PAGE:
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Trump’s Choice For Top Law Enforcer Has Cannabis Proponents Fearing Future

Trump’s Choice For Top Law Enforcer Has Cannabis Proponents Fearing Future

Trump’s Choice For Top Law Enforcer Has Cannabis Proponents Fearing Future
November 22
23:48 2016

 

Trump’s Choice For Top Law Enforcer Has Cannabis Proponents Fearing Future

November 20, 20163:46 PM ET

When Donald Trump offered Sen. Jeff Sessions the position of attorney general, the pick drew criticism from civil rights groups and immigrant advocates. In the fast-growing, multibillion-dollar marijuana industry, it is also raising fears.

Sessions is no fan of marijuana or its legalization, based on his previous comments, and as attorney general he would oversee federal prosecutors and the Drug Enforcement Administration (DEA). At a Senate hearing in April, the Alabama lawmaker praised Nancy Reagan’s “Just Say No” campaign and criticized the Obama administration and cannabis legalization efforts.

“We need grown-ups in Washington to say marijuana is not the kind of thing that ought to be legalized, it ought not to be minimized, that it is in fact a very real danger,” Sessions said.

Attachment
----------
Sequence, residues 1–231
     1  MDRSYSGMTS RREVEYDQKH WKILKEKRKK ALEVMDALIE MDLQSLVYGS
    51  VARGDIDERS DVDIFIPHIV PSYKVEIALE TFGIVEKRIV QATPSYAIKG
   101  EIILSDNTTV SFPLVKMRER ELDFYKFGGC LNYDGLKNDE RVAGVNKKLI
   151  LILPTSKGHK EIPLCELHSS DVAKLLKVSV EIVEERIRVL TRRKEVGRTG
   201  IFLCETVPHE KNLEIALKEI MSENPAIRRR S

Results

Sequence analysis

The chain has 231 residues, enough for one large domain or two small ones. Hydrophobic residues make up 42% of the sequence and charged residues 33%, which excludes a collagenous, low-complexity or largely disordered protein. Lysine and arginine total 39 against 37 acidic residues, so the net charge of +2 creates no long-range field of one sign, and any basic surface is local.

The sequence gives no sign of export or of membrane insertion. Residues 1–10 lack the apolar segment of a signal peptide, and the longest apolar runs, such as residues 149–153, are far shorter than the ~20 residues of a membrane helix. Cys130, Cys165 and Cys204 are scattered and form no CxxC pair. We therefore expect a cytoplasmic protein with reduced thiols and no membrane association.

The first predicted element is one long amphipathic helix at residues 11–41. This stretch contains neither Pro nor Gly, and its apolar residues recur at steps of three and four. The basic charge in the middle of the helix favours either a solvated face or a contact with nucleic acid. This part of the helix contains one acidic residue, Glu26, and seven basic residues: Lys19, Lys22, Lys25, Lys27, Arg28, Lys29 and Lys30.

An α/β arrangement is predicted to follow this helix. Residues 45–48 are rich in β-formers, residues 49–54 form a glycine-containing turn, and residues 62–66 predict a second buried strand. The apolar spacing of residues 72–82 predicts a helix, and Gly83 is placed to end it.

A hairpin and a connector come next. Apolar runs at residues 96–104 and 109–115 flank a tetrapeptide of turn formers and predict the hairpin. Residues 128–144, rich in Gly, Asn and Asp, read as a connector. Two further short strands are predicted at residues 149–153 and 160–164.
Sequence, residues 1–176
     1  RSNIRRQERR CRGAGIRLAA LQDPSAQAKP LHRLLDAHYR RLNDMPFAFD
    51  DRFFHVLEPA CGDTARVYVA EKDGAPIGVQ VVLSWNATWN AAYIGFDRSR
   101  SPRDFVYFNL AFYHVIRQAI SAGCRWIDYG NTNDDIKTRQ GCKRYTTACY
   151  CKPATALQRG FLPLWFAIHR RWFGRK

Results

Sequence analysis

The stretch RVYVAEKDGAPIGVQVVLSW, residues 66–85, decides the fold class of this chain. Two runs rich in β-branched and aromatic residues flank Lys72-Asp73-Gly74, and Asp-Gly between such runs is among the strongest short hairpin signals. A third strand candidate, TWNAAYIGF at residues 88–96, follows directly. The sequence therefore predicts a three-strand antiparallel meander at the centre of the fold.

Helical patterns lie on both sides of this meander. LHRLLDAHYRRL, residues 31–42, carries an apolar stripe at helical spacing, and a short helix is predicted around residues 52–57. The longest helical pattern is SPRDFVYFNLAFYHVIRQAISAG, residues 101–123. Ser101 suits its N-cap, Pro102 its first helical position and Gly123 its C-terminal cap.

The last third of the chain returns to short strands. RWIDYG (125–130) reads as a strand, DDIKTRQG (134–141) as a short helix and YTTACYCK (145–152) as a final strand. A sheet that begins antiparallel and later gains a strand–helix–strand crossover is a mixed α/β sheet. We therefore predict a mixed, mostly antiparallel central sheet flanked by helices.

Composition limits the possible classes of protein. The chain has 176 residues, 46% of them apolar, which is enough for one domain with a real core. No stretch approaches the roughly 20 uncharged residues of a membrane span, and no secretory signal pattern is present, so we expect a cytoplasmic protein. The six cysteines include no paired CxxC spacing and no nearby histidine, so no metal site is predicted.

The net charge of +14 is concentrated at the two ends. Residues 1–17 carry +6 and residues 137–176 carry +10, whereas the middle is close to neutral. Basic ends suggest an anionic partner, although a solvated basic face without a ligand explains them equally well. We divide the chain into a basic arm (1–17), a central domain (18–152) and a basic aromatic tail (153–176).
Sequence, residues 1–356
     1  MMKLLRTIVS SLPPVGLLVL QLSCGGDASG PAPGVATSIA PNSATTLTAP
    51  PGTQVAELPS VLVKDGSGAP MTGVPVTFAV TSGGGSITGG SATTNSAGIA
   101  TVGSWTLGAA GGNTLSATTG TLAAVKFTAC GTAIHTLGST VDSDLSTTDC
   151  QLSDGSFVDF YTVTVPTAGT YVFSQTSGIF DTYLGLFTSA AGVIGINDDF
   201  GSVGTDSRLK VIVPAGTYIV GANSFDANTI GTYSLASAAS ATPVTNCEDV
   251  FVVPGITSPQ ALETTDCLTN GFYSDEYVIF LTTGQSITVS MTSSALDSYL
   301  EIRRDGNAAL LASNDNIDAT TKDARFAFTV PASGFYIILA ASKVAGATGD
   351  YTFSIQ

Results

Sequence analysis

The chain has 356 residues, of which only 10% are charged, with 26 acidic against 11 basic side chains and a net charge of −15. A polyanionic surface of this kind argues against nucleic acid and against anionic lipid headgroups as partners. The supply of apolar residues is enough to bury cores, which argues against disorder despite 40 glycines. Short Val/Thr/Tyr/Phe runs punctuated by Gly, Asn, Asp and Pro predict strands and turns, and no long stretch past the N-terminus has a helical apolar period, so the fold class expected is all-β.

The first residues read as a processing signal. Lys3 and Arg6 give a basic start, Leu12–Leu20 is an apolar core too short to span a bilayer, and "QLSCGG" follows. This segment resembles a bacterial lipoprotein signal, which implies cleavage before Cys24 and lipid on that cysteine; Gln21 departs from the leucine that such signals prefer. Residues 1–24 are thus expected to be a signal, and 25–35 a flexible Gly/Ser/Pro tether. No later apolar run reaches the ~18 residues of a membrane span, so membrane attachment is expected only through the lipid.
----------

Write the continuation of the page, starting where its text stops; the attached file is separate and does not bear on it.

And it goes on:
Messaging should be clear, Sessions said, “that good people don’t smoke marijuana.”

That type of rhetoric is fueling concerns in the country’s budding marijuana industry. Marijuana is still listed as a Schedule 1 substance under the Controlled Substances Act and is illegal under federal law, but a growing number of states have approved its legalization under the Obama administration. Polls show that 60 percent of Americans support legal marijuana use.

“Jeff Sessions is a drug war dinosaur, which is the last thing the nation needs now,” Ethan Nadelmann, executive director of the Drug Policy Alliance, said in a statement.

Eight states approved marijuana-related initiatives on Election Day. Industry advocates called it a “tipping point” in the national discussion about cannabis, because 1 in 5 Americans now live in a state where non-medical marijuana is legal for adults. Twenty-nine states and Washington, D.C., allow medical use.

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